Pavement Marking Demonstration Project: State of Alaska and State of
Tennessee-Report to Congress
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Almost $1 billion was spent nationally on pavement markings on State-maintained roads in 2007.
When local roads, private roads, and parking areas are included, it was estimated that approximately $2 billion was spent on pavement markings in 2007. Despite the national expenditures on pavement markings, according to a recent American Association of State Highway and
Transportation Officials (AASHTO) report, a highway death occurs every 21 minutes as a result of a lane departure. Prevention of roadway departure crashes is one of the Federal Highway
Administration’s (FHWA) four focus areas for safety. In addition, AASHTO has developed its Strategic Highway Safety Plan (SHSP) that is designed to reduce these crashes. The first
objectives of the FHWA focus areas and the SHSP are to keep vehicles in their lanes and on the roadway. Installing and maintaining effective pavement markings is one immediate and obvious way to meet these objectives.
Under Section 1907 of the Safe, Accountable, Flexible, Efficient Transportation Equity Act: A Legacy for Users (SAFETEA-LU), the U.S. Congress directed the Secretary of Transportation to conduct demonstration projects in Alaska and Tennessee to study the safety impacts, environmental impacts, and cost effectiveness of different pavement marking systems and the effect of State bidding and procurement processes on the quality of pavement marking material employed in highway projects. The demonstration projects were to include an evaluation of the impacts and effectiveness of increasing the width of pavement marking edge lines from 4 inches to 6 inches and an evaluation of advanced acrylic waterborne pavement markings.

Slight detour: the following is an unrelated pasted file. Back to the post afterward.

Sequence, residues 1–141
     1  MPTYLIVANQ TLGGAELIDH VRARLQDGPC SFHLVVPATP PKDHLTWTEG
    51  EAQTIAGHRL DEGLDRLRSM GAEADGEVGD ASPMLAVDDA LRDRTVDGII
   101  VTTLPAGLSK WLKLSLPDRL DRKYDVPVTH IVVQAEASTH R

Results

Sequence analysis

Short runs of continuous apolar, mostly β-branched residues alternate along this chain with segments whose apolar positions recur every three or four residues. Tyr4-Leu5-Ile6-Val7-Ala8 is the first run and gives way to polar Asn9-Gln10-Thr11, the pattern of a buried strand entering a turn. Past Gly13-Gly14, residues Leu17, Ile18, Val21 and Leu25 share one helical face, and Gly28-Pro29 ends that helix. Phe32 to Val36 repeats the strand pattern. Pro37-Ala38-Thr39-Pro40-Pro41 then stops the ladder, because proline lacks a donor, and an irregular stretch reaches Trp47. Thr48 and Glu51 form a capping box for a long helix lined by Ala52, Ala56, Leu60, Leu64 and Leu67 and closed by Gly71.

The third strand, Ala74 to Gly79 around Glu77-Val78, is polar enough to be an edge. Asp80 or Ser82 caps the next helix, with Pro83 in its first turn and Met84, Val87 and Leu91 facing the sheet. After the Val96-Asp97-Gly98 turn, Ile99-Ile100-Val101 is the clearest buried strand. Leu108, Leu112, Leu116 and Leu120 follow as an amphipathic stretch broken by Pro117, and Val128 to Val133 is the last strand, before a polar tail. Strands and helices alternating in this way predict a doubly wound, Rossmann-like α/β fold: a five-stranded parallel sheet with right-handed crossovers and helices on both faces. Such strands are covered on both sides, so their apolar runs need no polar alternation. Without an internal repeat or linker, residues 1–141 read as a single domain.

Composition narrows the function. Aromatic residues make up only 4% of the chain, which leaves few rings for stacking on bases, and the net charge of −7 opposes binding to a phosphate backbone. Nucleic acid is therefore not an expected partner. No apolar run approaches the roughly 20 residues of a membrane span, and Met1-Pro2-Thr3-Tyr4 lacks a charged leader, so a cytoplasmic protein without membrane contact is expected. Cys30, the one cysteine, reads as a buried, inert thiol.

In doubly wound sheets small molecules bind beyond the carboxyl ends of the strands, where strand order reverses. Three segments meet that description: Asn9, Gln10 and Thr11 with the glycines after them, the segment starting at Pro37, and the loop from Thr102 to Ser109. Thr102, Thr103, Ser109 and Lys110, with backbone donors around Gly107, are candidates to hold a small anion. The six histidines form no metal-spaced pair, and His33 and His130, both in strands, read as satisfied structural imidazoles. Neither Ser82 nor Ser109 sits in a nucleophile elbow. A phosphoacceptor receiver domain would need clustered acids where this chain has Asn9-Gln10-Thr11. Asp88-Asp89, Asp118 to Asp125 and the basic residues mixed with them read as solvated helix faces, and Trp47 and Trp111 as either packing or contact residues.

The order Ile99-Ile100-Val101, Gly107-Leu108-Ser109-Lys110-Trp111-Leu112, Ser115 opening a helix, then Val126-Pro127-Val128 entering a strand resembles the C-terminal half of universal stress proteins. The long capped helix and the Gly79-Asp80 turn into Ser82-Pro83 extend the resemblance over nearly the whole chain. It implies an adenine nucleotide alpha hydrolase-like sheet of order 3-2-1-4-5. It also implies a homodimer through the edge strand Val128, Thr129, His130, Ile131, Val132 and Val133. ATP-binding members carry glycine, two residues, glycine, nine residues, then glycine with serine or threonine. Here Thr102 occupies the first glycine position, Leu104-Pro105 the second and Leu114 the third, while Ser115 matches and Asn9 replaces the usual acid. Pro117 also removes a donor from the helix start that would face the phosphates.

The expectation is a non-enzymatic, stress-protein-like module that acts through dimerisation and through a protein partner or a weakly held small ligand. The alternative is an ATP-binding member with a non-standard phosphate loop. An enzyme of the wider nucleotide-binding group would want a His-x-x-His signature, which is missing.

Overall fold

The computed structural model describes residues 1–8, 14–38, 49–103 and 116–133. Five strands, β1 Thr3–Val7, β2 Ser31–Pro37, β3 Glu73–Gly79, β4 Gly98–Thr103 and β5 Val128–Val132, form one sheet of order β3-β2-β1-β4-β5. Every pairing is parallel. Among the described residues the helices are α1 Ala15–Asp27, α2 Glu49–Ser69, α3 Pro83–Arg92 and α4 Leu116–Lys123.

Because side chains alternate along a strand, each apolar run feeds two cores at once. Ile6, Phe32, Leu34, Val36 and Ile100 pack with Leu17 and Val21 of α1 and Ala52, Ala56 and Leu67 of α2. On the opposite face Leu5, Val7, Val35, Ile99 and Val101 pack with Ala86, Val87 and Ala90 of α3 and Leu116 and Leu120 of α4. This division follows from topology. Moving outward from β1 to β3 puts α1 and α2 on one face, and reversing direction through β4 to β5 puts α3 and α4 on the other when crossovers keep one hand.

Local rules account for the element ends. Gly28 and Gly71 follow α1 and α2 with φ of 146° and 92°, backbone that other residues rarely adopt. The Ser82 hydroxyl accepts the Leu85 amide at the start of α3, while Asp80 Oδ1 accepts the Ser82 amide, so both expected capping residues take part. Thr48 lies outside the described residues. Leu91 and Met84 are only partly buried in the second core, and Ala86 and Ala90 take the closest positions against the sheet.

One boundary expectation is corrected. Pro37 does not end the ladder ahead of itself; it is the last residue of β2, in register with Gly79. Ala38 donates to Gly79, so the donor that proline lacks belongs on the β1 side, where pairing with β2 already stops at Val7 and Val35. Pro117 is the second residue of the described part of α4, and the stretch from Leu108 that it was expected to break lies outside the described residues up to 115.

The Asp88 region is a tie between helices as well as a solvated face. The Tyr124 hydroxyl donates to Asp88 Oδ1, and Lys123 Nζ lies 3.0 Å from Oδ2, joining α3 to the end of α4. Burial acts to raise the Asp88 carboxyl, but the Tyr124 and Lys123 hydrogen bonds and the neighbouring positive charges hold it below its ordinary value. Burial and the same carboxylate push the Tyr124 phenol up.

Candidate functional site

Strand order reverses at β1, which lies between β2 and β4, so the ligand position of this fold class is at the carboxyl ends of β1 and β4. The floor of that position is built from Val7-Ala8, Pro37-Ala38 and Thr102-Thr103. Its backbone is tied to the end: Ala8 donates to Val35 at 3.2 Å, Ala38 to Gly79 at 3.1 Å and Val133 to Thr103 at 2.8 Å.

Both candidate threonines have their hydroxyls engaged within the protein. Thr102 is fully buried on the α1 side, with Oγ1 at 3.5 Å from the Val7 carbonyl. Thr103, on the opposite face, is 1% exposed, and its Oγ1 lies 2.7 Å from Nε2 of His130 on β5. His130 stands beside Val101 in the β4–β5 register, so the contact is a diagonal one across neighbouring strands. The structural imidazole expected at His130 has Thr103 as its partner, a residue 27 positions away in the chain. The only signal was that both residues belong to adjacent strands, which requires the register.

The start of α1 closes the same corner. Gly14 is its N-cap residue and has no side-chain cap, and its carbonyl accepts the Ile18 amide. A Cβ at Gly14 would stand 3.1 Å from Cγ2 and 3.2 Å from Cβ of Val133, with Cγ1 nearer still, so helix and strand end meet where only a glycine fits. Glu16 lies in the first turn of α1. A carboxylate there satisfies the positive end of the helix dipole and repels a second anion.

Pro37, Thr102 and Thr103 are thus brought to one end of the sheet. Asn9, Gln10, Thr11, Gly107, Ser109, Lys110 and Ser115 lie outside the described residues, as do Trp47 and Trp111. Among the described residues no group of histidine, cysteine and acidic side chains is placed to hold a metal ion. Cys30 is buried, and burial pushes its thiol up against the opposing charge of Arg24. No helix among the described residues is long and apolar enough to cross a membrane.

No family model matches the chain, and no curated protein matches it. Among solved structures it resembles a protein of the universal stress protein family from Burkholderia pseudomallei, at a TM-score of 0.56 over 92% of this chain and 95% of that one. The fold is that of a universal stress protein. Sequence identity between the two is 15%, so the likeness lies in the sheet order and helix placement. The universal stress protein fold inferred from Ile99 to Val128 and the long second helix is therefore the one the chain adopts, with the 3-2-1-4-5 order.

The major findings of the demonstration projects are summarized as follows:
A field observational study of edge line width on rural two-lane two-way (RTLTW) roads in Tennessee did not indicate a causative relationship between edge line width and safety. This study of driver performance through curves indicated that there were either no real or, at most, only subtle vehicle operational impacts as a result of adding or widening edge line markings—even for narrow two-lane highways—under both day and night conditions. However, an Empirical Bayes (EB) before-after analysis and an independent cross section analysis using historical data from Michigan and Illinois suggest that the installation of wider edge lines results in reductions in many single vehicle road departure crashes. These retrospective analyses
are considered more powerful than the observational study, as they incorporate several
years of actual crash data rather than a limited number of observations of driver performance. Additional refinements of the retrospective analyses are ongoing and will be presented in a final
research report to the FHWA.